VEAZIE, Maine — Mainers will have an opportunity to see some history in the making in July, when the effort to remove the Veazie Dam — one of the few remaining impediments to the return of native sea-run fish to the Penobscot River — gets underway with its initial breaching.
That event has been set for July 22, according to Laura Rose Day, executive director of the Penobscot River Restoration Trust, a nonprofit organization formed to bring the river reopening to its fruition.
The landmark river restoration project is a joint effort of the Penobscot Indian Nation, the Penobscot River Restoration Trust, six other nongovernmental organizations, the state of Maine, the U.S. Department of the Interior, the National Oceanic and Atmospheric Administration and hydropower companies.
Supporters of the river restoration project say that removing the century-old Veazie Dam, which spans the river from Veazie to Eddington, will help restore about 225 acres of in-stream habitat and about 65 acres of streamside habitat, while enhancing the connectivity and functional value of 188,000 acres of wetland habitats for native sea-run fish, including endangered Atlantic salmon, endangered shortnose and Atlantic sturgeon and eight other fish species.
The Great Works Dam removal in Bradley was the first to go as part of the project.
Once the Veazie Dam, the lowermost barrier on the Penobscot River, is removed and a dam in Howland is bypassed, sea-run fisheries will gain access to more than 1,000 miles of upstream habitat that has been closed to their predecessors for more than a century, according to Rose Day. Sargent Corp. of Stillwater has been chosen to take on the Veazie Dam removal, which could last into next summer.
“The Penobscot project is really known for the long-lasting partnerships that make it happen,” she said. Those partnerships and their accomplishments to date will be celebrated on July 22.
“This is a day to bring people together to kind of kick off what will be a decades-long process of restoring the river,” she said in a telephone interview Sunday. “We’ll see some changes really quickly and we’ll see some changes over time, but really everyone and all of the fish and wildlife in the region stand to gain. It’s a time for everyone to get together and mark that historical moment together.”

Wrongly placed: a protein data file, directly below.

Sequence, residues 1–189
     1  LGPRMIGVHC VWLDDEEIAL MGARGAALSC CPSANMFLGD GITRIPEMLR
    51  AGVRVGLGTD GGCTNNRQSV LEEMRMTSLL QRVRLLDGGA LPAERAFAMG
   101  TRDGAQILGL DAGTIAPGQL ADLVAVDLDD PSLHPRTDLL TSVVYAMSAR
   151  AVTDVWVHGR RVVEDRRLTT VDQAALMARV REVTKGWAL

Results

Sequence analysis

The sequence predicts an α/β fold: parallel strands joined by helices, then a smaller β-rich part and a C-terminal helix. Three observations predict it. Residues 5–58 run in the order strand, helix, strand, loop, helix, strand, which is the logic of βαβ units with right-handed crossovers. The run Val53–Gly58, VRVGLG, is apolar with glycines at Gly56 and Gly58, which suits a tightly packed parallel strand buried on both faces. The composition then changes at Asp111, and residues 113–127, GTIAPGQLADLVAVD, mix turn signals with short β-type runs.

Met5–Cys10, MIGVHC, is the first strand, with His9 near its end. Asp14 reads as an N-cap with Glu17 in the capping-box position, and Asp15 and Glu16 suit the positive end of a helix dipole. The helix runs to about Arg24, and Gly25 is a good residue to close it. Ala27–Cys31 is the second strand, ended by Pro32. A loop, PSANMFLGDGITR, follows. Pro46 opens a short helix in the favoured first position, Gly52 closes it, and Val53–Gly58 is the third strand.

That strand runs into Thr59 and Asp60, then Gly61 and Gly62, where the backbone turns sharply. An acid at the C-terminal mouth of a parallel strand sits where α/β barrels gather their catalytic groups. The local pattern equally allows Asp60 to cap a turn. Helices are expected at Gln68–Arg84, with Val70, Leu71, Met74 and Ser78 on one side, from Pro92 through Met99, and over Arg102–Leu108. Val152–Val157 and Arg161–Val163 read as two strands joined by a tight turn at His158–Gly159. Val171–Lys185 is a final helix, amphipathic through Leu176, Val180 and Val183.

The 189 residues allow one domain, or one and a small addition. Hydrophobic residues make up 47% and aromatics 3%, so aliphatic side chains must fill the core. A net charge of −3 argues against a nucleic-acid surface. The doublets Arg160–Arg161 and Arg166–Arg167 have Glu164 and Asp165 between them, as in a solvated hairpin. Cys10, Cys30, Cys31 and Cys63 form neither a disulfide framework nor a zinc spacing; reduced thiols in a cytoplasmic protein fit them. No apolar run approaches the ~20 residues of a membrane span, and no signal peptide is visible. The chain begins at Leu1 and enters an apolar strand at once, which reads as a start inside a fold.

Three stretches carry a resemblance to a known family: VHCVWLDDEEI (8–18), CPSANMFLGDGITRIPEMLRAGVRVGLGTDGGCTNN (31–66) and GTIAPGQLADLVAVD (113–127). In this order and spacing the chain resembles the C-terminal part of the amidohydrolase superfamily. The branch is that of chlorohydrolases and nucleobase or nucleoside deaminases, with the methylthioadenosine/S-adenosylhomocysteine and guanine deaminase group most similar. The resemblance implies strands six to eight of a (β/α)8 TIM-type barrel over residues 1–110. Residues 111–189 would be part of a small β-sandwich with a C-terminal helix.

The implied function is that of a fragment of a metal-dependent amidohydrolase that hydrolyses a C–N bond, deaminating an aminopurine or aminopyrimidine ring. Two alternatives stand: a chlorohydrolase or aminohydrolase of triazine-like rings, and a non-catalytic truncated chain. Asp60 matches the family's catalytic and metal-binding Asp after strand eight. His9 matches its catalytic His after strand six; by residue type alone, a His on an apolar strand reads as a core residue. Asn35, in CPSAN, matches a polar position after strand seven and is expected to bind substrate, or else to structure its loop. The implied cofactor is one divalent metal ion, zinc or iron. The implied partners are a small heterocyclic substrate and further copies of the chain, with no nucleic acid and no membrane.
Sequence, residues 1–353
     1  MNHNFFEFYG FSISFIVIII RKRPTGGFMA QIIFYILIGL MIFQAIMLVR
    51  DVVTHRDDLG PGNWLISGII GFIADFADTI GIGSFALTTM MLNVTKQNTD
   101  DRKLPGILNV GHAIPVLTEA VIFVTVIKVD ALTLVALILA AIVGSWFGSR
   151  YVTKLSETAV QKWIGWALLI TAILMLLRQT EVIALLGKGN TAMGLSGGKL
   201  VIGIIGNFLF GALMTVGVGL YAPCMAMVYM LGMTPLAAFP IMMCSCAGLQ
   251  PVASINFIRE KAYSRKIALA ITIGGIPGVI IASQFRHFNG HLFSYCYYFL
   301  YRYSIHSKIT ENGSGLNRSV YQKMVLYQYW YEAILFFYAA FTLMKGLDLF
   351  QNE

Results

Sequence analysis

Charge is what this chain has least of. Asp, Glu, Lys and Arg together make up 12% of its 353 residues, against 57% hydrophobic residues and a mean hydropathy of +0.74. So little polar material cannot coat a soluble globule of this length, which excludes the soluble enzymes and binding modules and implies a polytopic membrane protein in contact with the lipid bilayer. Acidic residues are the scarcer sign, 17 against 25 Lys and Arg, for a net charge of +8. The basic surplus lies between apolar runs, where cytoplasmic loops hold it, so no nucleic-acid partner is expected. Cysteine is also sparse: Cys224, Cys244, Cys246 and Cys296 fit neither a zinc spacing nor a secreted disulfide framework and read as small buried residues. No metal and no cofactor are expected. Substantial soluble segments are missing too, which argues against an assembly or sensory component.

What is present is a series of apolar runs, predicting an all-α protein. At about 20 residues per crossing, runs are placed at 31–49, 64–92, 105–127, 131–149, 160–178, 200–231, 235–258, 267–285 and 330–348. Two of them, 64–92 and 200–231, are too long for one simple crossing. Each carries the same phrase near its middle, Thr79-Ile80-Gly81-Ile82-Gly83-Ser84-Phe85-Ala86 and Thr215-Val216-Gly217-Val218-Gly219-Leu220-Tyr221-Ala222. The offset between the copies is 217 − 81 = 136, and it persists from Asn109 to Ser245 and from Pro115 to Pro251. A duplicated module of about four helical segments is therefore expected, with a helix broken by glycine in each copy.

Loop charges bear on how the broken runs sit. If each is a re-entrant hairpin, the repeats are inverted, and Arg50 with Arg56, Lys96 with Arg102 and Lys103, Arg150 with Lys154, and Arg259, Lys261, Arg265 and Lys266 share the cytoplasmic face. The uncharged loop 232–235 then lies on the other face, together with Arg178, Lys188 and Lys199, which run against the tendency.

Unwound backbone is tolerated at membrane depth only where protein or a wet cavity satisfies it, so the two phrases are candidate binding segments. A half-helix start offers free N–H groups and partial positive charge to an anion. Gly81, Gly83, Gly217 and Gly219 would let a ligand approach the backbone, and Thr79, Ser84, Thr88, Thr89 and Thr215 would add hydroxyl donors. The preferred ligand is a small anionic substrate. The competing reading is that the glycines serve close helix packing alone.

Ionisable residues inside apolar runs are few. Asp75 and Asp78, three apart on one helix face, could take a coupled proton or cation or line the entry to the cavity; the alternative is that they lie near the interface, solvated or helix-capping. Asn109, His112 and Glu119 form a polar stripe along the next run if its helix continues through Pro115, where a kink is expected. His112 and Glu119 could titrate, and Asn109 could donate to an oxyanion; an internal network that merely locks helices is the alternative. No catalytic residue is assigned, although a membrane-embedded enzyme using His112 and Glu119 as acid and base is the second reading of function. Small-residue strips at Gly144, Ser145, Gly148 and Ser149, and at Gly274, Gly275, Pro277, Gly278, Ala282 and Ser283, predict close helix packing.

Rose Day said that the day’s lineup is still being firmed up but will begin with a ceremony and news conference around 10 a.m. at Riverview Park, near the Veazie Salmon Club. A community barbecue will follow.
In the afternoon, she said, the public will have opportunities to visit half a dozen or more sites important to the project, including the former Great Works dam site, where the Penobscot now flows freely, a new fishway up at the Maine Forest and Logging Museum at Leonard’s Mills in Bradley and the fishway at Blackman Stream, a tributary to the Penobscot.
A docent will be on hand at each site to provide information, Rose Day said.
After the site visits, participants — including those who have to work during the daytime — are invited to return to Riverview Park for music, children’s activities, food and more.
“We’re also having a storytelling opportunity for people who want to come and talk about their history with the river,” Rose Day said.
“It might be the tradition of salmon fishing that they’d like to have back someday or it might be that they worked at the Veazie hydro station,” she said. “We’re basically having a time where people can talk about their connections to the river there, so that will be pretty exciting.
“It’s a chance to bring older and younger generations together … people from different walks of life who might not get together to talk about the river and what it can be in the future. We’ll create a forum for everyone to talk to each other and listen to each other,” she said.
Additional details about the July event will be forthcoming, she said.
For more information about the Veazie Dam celebration, contact Penobscot River Restoration Project Outreach Coordinator Cheryl Daigle at 232-9969.